Corn futures are apparently feeling early-harvest pressure. Although concurrent soybean gains are probably providing some support, corn futures declined modestly this morning. There isn’t a great deal of news, so we’re inclined to agree with those arguing that the yellow grain market is beginning to feel the effects of the slowly progressing harvest. December corn declined 1.5 cents to $4.5175/bushel late Tuesday morning, and May lost 1.75 cents to $4.725.
The soy complex sustained its Monday night advance. Although the southern soybean harvest is also getting underway, the legume and product markets moved generally higher. The fact that recent rains did not improve the condition ratings on the weekly USDA Crop Progress report apparently powered the rise. Weak palm oil prices in Asia apparently depressed soy oil futures once again. November soybeans surged 7.5 cents to $13.1525/bushel around midsession Tuesday, while October soyoil slid 0.10 cents to 41.87 cents/pound, and October soymeal climbed $3.9 to $415.0/ton.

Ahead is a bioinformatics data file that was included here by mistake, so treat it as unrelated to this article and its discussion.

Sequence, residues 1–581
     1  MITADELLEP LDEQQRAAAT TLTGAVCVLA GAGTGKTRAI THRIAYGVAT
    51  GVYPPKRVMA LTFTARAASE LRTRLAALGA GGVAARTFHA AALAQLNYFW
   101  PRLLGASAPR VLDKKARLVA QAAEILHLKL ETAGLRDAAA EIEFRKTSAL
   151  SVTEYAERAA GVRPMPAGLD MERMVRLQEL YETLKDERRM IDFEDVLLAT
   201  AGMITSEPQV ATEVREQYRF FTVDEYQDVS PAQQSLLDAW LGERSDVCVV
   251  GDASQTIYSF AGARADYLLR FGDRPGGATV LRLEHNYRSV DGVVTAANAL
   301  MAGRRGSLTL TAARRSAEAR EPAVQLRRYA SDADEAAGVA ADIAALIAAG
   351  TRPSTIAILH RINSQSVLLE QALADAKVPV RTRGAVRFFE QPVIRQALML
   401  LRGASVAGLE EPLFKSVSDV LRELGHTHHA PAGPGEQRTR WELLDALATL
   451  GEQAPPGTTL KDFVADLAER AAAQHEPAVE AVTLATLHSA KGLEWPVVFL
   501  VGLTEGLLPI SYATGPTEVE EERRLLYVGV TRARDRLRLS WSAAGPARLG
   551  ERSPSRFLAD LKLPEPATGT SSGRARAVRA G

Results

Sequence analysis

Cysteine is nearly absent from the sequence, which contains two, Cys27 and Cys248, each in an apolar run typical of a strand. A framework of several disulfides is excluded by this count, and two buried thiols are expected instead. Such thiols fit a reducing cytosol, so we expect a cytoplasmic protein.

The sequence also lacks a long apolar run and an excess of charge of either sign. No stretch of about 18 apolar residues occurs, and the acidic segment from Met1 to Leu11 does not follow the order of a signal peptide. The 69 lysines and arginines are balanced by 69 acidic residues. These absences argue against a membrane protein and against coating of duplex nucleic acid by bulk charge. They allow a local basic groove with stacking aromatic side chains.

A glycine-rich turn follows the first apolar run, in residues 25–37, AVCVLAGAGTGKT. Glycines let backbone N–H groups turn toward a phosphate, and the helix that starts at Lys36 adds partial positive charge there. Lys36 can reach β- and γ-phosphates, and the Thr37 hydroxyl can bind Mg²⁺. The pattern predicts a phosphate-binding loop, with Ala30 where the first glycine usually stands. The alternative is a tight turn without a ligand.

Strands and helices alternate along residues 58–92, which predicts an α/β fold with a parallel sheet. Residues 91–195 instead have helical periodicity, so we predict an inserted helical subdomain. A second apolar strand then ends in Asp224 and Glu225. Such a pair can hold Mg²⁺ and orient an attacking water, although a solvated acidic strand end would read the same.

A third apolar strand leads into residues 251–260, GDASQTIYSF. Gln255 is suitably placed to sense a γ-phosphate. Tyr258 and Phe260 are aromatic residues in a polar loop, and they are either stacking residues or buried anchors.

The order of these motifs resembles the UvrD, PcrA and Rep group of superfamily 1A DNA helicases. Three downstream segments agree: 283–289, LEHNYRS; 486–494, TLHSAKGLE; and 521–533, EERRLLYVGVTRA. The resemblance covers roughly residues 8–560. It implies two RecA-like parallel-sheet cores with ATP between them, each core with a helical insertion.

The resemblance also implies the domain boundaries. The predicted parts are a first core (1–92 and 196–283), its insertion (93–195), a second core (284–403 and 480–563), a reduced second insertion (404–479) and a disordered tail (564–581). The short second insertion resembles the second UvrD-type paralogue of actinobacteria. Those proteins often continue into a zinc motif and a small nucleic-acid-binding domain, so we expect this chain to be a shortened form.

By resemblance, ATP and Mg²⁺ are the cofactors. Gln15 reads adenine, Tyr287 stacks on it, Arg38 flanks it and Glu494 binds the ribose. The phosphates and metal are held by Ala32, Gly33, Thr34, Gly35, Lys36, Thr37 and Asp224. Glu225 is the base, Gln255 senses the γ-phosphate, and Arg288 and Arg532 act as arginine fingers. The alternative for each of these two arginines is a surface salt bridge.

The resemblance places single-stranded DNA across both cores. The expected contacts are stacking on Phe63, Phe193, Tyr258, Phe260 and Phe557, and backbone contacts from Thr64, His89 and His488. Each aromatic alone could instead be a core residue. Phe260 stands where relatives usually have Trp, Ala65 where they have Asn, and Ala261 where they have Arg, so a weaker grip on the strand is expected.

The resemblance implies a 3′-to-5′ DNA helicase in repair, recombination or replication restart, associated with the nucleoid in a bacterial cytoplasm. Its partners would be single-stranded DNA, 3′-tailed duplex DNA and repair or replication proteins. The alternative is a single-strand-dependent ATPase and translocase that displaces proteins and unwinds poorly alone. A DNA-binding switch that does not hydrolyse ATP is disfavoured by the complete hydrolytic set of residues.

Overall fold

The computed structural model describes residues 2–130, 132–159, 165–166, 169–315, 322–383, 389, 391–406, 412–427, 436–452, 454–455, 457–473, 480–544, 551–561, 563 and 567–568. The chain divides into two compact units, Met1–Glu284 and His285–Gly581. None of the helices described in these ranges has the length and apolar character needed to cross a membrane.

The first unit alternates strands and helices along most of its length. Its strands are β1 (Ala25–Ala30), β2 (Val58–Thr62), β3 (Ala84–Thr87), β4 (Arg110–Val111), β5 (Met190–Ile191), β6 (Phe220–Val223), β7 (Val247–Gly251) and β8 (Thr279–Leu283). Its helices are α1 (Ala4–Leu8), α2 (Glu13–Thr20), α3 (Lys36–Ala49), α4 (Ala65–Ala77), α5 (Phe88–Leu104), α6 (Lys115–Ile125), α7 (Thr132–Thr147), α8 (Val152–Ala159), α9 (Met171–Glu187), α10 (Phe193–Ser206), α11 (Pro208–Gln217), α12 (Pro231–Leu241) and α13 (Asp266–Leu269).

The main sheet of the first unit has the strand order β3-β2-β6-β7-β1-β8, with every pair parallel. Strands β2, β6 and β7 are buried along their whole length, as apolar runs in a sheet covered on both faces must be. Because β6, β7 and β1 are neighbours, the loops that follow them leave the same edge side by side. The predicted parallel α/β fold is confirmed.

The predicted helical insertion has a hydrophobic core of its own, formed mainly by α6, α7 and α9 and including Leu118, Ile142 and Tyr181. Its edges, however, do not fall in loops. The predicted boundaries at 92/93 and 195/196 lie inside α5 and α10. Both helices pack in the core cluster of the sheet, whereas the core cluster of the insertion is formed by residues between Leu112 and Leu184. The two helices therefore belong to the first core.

The wheat markets rallied in early Tuesday trading. The weekly Crop Progress seemed to affect wheat futures very little, since the spring wheat harvest is virtually complete and winter wheat plantings are quite normal. Ultimately, talk of robust export demand is probably pushing the three markets higher. December CBOT wheat gained 1.5 cent to $6.55/bushel just before lunchtime Tuesday, while December KCBT wheat lifted 8.0 cents to $7.0575, and December MGE futures advanced 7.25 cents to $7.06.
Beef gains boosted cattle futures this morning. The cattle market reacted well to bullish news Monday and has continued rising since then. The Monday afternoon wholesale report indicated a substantial rise in beef cutout values, which probably bodes well for the cash markets. Strength spilling over from the hog market may also be encouraging bulls. October cattle futures advanced 0.55 cents to 127.15 cents/pound late Tuesday morning, while December lifted 0.60 cents to 131.10. Meanwhile, October feeder cattle jumped 0.80 cents to 162.90 cents/pound and January leapt 0.85 cent to 162.57.
Smithfield news probably exaggerated early hog gains. Monday’s cash and wholesale news was not very supportive of the hog market, but futures seemed to rally on technical considerations. The nearby contracts’ discounts to the CME index may also have encouraged bulls. But news that Smithfield shareholders had approved its takeover by Shuanghui of China very likely powered the big advance. October hog futures rocketed up 2.72 cents to 92.90 cents/pound in late Tuesday morning action, while December spiked 2.30 cents to 88.72.